Newly-released documents confirm allegations that the Obama administration used its regulatory powers to pressure banks into dropping clients involved in businesses of which it didn’t approve, such as payday lenders. Hundreds of pages of testimony and emails released as part of a lawsuit filed by Advance America and several other payday lending companies show that, as part of “Operation Chokepoint,” upper level directors at the Federal Deposit Insurance Corporation (FDIC) during the Obama years used their regulatory authority to pressure banks into dropping payday lenders as clients.

Operation Chokepoint, which officially ended in August, 2017, targeted certain banks for investigation by the Department of Justice on the basis of the types of customers they served. The FDIC warned banks of the “reputational risks” they faced by doing business with certain types of clients, including payday lenders. Banks that offered financial services with these customers risked increased scrutiny from federal regulators.

The case shows the chilling impact that regulation alone can have on lawful businesses. Despite the fact that they had not engaged in any wrongdoing, banks were convinced to drop certain customers targeted by the Obama administration.

“Although there are no specified fines or other costs associated with a bank serving a Payday Lender, running afoul of regulatory guidance by providing services to Payday Lenders (or other targeted industries, such as gun, ammunition, or tobacco product merchants) can produce a number of costs to a bank that regulators identify as having increased its ‘reputation risk,’” said Charles W. Calomiris, director of the program on financial studies at Columbia University, in a report prepared for the court last year.

“Regulators retain enormous discretionary power to punish banks as a consequence of perceived increases in ‘reputation risk,’ and it is not practically possible for banks to disprove regulatory judgments about increases in that risk or prevent regulators from punishing them on the basis of those judgments.”

He notes that, given the “Kafkaesque” nature of regulation in the banking industry, it was often easier for a bank to accept the loss of payday lenders, gun shops, and similar customers, than to shoulder the burden of increased regulatory costs.

The documents showed that Operation Chokepoint was both instituted at the highest levels of the FDIC and enthusiastically implemented by its agents in the field. As a result, businesses like that of Glenn Bassett, who runs a check cashing company in Redding, Cal., went to bank after bank, being told at each location that upper management would not allow them to open an account.

Bassett, who was turned down by a dozen banks when trying to open accounts for his business, said several locations specifically told him that this was because of the regulatory climate.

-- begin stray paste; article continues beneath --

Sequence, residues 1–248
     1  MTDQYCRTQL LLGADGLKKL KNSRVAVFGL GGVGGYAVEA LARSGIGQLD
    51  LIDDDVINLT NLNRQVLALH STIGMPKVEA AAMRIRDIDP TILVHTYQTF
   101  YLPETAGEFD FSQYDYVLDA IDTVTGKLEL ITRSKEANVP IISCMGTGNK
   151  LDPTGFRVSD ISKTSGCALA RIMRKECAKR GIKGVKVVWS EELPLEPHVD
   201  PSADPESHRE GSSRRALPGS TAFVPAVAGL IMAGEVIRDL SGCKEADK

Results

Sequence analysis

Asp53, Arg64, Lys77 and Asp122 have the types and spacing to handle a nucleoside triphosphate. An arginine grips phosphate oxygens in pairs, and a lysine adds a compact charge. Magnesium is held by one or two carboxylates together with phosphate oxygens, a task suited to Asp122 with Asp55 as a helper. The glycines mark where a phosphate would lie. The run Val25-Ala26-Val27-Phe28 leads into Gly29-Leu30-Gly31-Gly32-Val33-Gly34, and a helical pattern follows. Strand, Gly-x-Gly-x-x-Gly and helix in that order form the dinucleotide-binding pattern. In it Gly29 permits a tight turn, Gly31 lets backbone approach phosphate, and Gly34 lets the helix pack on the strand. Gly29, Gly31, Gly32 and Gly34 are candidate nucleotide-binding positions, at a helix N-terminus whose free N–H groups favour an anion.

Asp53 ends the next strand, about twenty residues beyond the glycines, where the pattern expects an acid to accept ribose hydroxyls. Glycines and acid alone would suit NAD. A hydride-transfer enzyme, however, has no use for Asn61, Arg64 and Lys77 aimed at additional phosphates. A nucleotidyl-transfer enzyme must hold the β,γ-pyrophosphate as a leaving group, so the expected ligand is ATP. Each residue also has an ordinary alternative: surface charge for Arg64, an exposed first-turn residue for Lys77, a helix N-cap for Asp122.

The FDIC crusade against payday lenders included some of its highest officials. Testimony shows that Christopher Spoth, senior deputy director of the division of supervision and consumer protection, told regional managers to pressure financial institutions “facilitating” payday lending to “submit a plan to exit the business.” Documents show that regional managers in Atlanta and Chicago directly pressured banks to stop doing businesses with payday lenders and Atlanta Regional Director Thomas Dujenski went out of his way afterward to ensure that the banks described the decisions as their own.

“We expected to find a concerted effort to pressure banks from doing business with our industry, but discovered the nearly unthinkable,” said Patrick O’Shaughnessy, President and CEO of Advance America, one of the payday lending firms that filed the suit.

“While claiming – publicly, under oath – to be combating illegal activity, high-ranking government bureaucrats deployed a clandestine crusade to eliminate our regulated and legal service. The campaign revealed that personal bias had motivated scorn for our industry, contempt for our millions of customers, blatant disregard for due process, and an unprecedented weaponization of government.”

Even more concerning, the FDIC document that warned banks of risks in certain types of third-party processing arrangements included 29 other merchant categories that could create “reputational risks” for banks. In addition to payday lending, these categories included lawful businesses like gun and ammunition sales and tobacco stores, which were listed alongside more illicit activities like escort services and ponzi schemes.

Although the Trump administration put an end to Operation Chokepoint, the damage had already been done. Having cut ties with the payday loan industry,  few banks have changed their policies to allow these businesses to open new accounts. Observers fear that other industries on the list could also find themselves facing crippling regulatory scrutiny based on regulator biases, rather than their financial risk profiles.

“Despite hearing statements to the contrary from government officials for years, these records prove that there was an intentional and targeted campaign to carry out an illegal policy. If personal preference and subjectivity is the guide for regulation, an awful precedent is set and there is no end to the interests that can be targeted – pro-choice groups, environmental causes, religious groups and many more,” said Dennis Shaul, CEO of the Community Financial Services Association of America (CFSA).

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